Big Idea Clue #3: Does this stop me in my tracks? All Big Ideas have one thing in common — they stop you in your tracks. It has to … we’re exposed to so many ads in a single day, that a Big idea will jump out at you. President of the Marketing Firm Yankelovich, Jay Walker-Smith says we’ve gone from seeing about 500 ads per day back in the 70s to around 5,000 today. With so much competition, the only thing that cuts through the clutter is a Big Idea. Think about the ads you’ve taken the time to read. What caused you to pause and read more?

It wasn’t the writing … the idea itself is what resonated with you. As you sit down to write your sales letter, ask yourself if the idea is strong enough to stop someone from their normal activity and get them reading. Or as Joe Schriefer, the Copy Chief for Agora Publishing, which has gone from around $45 million in sales to over $150 million under his copy guidance, says, ask yourself is this idea different … unusual … intriguing?

These three steps or clues will help you become good at coming up with the Big Idea. But there’s one more thing you can do to help yourself differentiate a Big Idea from regular ideas. Here’s Big Idea Clue #4, which I like to call The Immediate Mental Picture. When a Big Idea is before you, it automatically forces your brain to create a mental picture of what’s happening.

Let’s take the famous End of America promo written by Mike Palmer for Stansberry Research and Associates (S&A). It brought in hundreds of thousands of paid subscribers and cemented S&A’s place as one of the world’s best-known financial publishers.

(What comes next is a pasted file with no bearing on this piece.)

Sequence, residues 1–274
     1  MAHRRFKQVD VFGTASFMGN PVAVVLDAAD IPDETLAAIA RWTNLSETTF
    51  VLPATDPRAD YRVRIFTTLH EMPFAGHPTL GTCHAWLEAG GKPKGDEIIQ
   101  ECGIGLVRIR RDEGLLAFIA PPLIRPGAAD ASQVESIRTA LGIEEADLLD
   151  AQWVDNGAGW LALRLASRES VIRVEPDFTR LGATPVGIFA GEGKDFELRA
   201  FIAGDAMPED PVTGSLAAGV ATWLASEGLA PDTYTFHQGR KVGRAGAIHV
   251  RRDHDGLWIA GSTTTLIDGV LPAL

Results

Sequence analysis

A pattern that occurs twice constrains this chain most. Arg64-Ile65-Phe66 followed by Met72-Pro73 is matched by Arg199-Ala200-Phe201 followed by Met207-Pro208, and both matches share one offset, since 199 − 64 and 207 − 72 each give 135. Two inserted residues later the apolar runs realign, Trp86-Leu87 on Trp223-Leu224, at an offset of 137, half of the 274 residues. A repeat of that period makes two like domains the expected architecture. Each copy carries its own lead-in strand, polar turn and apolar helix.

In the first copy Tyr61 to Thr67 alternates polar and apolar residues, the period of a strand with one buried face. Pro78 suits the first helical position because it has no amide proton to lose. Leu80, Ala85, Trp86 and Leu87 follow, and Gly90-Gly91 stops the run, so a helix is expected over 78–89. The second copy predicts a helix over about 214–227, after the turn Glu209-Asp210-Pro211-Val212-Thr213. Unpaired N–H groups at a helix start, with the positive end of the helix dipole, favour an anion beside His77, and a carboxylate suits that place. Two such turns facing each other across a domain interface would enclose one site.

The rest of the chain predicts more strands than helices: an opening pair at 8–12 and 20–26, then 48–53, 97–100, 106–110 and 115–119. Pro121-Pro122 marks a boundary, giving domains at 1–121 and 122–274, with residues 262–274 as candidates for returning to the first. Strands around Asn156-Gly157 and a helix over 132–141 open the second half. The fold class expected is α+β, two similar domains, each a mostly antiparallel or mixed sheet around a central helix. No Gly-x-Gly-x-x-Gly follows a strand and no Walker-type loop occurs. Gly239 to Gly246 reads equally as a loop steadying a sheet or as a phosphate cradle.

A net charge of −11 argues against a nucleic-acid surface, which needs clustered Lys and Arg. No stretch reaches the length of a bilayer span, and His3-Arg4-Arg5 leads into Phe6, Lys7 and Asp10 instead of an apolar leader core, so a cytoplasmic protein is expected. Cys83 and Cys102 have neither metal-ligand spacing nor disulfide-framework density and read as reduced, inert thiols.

Say the words End of America to yourself. What kind of picture pops into your head? Whatever it is, it’s probably not a good one. But just the mere fact that you created a mental picture is a signal this is something Big.

Of course, the promo was written a few years ago. And the mental pictures people created back then were enough to spur them into action. For S&A, that meant buying a subscription to their newsletter. Although the promotion has aged over the years, you’re still able to create a mental picture today. That shows the power and strength of Big Ideas.

Now that you know the clues to spotting a Big Idea, it’s time for you to put them to use. And rest assured, your friends and family are right. You’re a good writer. You just need to give yourself more time working on Big Ideas.

By the way, we’ll be adding a Big Idea learning module to the Advanced Training program. I don’t have exact dates yet of when it will take place and who the guest expert will be, but if you’re interested in that session, you should probably sign up for Advanced Training now to just ensure your name is on the list of eligible members when it’s made available. You can do that right here.

Your takeaway for today: Spend time coming up with Big Ideas by doing lots of research. By feeding your brain lots of input, you’ll eventually start outputting good ideas you can use for promotions.

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Published: July 3, 2017

1 Response to “Watch These Clues Closely — You’ll Know You Are Onto Something Big”

  1. As an aspiring member to be part of the family of the AWAI soon,I find great encouragement form these comments. They ignite a passion of self esteem in my dreams as very soon I will be part of this family when I pay up by subscription as a write. A teacher by profession witha passion of writing it wont be a big deal for me to emerge as one of the top writers after being schooled by highly experienced members in the association.My dream also is to be one of the members soon.